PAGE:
Provided by: libtime-parsedate-perl_2015.103-2_all bug


       Time::ParseDate -- date parsing both relative and absolute


               use Time::ParseDate;
               $seconds_since_jan1_1970 = parsedate("12/11/94 2pm", NO_RELATIVE => 1)
               $seconds_since_jan1_1970 = parsedate("12/11/94 2pm", %options)


       Date parsing can also use options.  The options are as follows:

               FUZZY   -> it's okay not to parse the entire date string
               NOW     -> the "current" time for relative times (defaults to time())
               ZONE    -> local timezone (defaults to $ENV{TZ})
               WHOLE   -> the whole input string must be parsed
               GMT     -> input time is assumed to be GMT, not localtime
               UK      -> prefer UK style dates (dd/mm over mm/dd)
               DATE_REQUIRED -> do not default the date
               TIME_REQUIRED -> do not default the time
               NO_RELATIVE -> input time is not relative to NOW
               TIMEFIRST -> try parsing time before date [not default]
               PREFER_PAST -> when year or day of week is ambiguous, assume past
               PREFER_FUTURE -> when year or day of week is ambiguous, assume future
               SUBSECOND -> parse fraction seconds
               VALIDATE -> only accept normal values for HHMMSS, YYMMDD.  Otherwise
                       days like -1 might give the last day of the previous month.


   Absolute date formats
               Dow, dd Mon yy
               Dow, dd Mon yyyy
               Dow, dd Mon
               dd Mon yy
               dd Mon yyyy
               Month day{st,nd,rd,th}, year
               Month day{st,nd,rd,th}
               Mon dd yyyy
               yyyy-mm-dd      (usually the best date specification syntax)
               yy/mm      (only if year > 12, or > 31 if UK)
               yy/mm/dd   (only if year > 12 and day < 32, or year > 31 if UK)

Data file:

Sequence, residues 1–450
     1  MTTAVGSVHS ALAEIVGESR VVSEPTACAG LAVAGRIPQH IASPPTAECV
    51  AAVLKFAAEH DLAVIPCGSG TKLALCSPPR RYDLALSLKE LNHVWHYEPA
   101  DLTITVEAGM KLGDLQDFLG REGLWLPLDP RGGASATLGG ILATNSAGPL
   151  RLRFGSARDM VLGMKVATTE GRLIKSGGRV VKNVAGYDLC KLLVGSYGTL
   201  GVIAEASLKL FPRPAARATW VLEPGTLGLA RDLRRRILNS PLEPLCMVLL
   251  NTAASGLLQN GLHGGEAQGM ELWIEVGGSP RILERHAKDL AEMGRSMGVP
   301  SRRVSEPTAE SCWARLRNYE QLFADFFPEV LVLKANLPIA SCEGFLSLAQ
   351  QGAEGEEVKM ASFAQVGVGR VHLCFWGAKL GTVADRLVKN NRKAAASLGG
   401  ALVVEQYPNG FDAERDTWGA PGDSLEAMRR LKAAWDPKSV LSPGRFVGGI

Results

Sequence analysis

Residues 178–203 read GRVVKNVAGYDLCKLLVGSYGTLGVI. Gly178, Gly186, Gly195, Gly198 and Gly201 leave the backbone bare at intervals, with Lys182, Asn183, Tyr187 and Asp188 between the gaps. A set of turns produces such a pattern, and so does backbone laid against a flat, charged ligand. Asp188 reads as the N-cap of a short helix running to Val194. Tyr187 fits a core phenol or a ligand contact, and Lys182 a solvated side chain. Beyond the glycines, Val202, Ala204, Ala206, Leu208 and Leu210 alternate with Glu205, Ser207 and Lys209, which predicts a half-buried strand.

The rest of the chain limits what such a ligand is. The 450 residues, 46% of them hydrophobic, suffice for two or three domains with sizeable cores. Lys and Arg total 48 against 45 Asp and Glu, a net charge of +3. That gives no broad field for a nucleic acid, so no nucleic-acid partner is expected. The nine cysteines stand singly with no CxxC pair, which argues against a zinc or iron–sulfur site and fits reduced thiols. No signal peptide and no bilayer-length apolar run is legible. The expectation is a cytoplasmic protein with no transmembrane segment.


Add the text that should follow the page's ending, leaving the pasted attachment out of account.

dd/mm/yy   (only if UK, or an invalid mm/dd/yy or yy/mm/dd)
               dd/mm/yyyy (only if UK, or an invalid mm/dd/yyyy)
               dd/mm      (only if UK, or an invalid mm/dd)

   Relative date formats:
               count "days"
               count "weeks"
               count "months"
               count "years"
               Dow "after next"
               Dow "before last"
               Dow                     (requires PREFER_PAST or PREFER_FUTURE)
               "next" Dow
               "last" dow
               "last week"
               "now" "+" count units
               "now" "-" count units
               "+" count units
               "-" count units
               count units "ago"

   Absolute time formats:

   Relative time formats:
               count "minutes"         (count can be franctional "1.5" or "1 1/2")
               count "seconds"
               count "hours"
               "+" count units
               "+" count
               "-" count units
               "-" count
               count units "ago"

   Timezone formats:
               [+-]dddd (TZN)

   Special formats:
               [ d]d/Mon/yyyy:hh:mm:ss [[+-]dddd]


       This module recognizes the above date/time formats.   Usually a date and a time are
       specified.  There are numerous options for controlling what is recognized and what is not.

       The return code is always the time in seconds since January 1st, 1970 or undef if it was
       unable to parse the time.

       If a timezone is specified it must be after the time.  Year specifications can be tacked
       onto the end of absolute times.

       If "parsedate()" is called from array context, then it will return two elements.  On
       successful parses, it will return the seconds and what remains of its input string.  On
       unsuccessful parses, it will return "undef" and an error string.


               $seconds = parsedate("Mon Jan  2 04:24:27 1995");
               $seconds = parsedate("Tue Apr 4 00:22:12 PDT 1995");
               $seconds = parsedate("04.04.95 00:22", ZONE => PDT);
               $seconds = parsedate("Jan 1 1999 11:23:34.578", SUBSECOND => 1);
               $seconds = parsedate("122212 950404", ZONE => PDT, TIMEFIRST => 1);
               $seconds = parsedate("+3 secs", NOW => 796978800);
               $seconds = parsedate("2 months", NOW => 796720932);
               $seconds = parsedate("last Tuesday");
               $seconds = parsedate("Sunday before last");

               ($seconds, $remaining) = parsedate("today is the day");
               ($seconds, $error) = parsedate("today is", WHOLE=>1);


       Copyright (C) 1996-2010 David Muir Sharnoff.  Copyright (C) 2011 Google, Inc.  License
       hereby granted for anyone to use, modify or redistribute this module at their own risk.
       Please feed useful changes back to